Earwitnesses: the effect of type of vocal differences on correct identification and confidence accuracy
Keywords:voice and speech characteristics, voice lineup, earwitness identification, realism in confidence
AbstractIndividual voice and speech characteristics are important for earwitness identification. A target-absent line-up with six foils was used to analyse the influence of voice and speech features on recognition. To create ecologically valid conditions for voice recognition, the present study used voices in conversation in the target event and for the foils. The participants were particularly successful in rejecting the two voice foils that were most dissimilar to the target voice in articulation rate and pitch. These two foils were also given somewhat higher confidence judgments than the other foils, although the level of that confidence was still somewhat low. In fact, participants as a collective were underconfident for these two foils but were overconfident for the other foils. In addition, they showed somewhat better ability in their confidence judgments to distinguish correct and incorrect responses for the two most dissimilar foils than for the four foils for which their identification responses were less successful. For the other four foils, which were more similar to the target voice, the participants showed in their confidence judgments very poor ability to distinguish between correct and incorrect identifications. Later positions in the parade were more often (erroneously) identified as the culprit, regardless of the specific foils used in those positions.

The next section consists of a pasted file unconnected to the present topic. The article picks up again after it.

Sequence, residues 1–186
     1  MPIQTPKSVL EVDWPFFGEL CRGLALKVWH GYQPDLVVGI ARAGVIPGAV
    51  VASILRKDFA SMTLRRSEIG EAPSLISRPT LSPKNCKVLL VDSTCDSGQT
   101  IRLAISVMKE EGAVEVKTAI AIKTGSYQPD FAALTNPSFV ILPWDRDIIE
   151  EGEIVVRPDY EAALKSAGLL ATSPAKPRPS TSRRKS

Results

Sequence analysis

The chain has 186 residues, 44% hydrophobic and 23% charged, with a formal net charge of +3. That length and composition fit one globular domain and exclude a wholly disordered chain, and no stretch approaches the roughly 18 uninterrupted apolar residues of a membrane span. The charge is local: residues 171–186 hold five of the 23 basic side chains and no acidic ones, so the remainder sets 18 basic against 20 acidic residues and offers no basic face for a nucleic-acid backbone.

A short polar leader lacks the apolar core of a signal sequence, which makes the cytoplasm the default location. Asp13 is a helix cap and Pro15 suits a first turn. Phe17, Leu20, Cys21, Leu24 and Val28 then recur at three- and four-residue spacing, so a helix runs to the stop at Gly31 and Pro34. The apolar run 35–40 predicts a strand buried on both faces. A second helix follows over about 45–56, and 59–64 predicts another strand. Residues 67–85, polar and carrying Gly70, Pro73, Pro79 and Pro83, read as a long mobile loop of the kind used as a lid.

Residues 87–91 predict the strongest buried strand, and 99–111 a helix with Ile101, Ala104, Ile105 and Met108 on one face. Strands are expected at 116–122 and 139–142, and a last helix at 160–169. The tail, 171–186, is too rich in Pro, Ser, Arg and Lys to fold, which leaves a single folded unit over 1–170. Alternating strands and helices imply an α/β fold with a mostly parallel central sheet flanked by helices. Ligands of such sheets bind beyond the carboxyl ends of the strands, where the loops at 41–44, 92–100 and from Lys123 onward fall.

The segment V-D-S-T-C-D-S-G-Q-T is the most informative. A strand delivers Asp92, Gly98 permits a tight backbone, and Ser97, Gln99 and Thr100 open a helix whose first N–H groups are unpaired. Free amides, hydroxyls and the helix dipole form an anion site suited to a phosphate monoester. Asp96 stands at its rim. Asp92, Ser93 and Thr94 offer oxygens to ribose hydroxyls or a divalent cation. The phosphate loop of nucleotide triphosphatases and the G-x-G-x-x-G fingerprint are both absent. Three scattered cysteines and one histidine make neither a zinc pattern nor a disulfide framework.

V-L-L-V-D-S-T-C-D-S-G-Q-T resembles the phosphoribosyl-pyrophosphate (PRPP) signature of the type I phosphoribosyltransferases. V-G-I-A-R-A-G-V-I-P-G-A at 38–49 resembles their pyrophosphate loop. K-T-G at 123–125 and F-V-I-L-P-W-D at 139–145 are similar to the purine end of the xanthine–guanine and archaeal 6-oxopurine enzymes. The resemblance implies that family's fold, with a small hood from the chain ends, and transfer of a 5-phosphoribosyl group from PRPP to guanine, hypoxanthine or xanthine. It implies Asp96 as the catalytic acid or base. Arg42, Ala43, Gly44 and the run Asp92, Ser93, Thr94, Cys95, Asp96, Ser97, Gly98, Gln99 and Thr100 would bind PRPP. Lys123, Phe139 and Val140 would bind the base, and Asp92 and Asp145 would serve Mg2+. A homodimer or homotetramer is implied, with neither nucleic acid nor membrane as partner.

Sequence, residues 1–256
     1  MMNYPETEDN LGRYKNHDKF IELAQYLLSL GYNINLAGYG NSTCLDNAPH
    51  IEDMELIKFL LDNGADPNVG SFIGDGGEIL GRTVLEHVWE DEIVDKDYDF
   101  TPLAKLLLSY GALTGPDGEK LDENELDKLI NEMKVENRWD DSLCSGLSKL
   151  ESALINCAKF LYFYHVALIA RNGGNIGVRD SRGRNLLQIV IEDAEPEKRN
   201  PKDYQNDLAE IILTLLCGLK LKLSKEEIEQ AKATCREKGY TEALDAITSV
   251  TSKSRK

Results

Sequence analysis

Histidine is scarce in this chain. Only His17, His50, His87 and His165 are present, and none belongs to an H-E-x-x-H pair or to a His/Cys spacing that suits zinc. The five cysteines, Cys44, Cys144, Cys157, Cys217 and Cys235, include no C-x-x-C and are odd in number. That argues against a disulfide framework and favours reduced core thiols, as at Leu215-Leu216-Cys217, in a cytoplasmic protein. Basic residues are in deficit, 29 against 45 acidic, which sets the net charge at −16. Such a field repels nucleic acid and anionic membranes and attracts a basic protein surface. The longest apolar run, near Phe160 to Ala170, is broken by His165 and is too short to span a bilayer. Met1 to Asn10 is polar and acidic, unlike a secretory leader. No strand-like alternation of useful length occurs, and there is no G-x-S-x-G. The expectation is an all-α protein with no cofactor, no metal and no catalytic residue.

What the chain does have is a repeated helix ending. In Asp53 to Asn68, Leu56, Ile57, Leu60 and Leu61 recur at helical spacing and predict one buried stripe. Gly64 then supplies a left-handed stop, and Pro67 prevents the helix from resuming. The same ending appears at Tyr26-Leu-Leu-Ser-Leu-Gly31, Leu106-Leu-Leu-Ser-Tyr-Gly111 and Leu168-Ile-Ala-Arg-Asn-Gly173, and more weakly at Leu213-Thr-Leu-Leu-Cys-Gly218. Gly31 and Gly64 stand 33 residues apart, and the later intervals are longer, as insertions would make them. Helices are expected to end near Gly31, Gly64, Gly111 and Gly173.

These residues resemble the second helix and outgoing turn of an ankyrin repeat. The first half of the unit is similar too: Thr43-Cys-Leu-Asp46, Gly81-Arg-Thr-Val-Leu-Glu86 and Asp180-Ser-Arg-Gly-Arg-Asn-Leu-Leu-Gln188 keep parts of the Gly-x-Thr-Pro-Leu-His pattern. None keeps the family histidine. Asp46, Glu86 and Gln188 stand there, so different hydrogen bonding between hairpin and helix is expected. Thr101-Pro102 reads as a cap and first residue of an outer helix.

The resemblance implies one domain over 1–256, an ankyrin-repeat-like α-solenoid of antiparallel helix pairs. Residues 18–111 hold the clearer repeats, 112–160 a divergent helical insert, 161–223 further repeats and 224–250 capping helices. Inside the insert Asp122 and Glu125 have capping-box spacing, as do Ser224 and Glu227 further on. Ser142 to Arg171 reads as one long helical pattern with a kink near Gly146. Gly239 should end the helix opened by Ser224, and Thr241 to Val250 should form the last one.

How to Cite
Zetterholm, E., Sarwar, F., Thorvaldsson, V., & Allwood, C. M. (2012). Earwitnesses: the effect of type of vocal differences on correct identification and confidence accuracy. International Journal of Speech, Language and the Law, 19(2), 219–237. https://doi.org/10.1558/ijsll.v19i2.219
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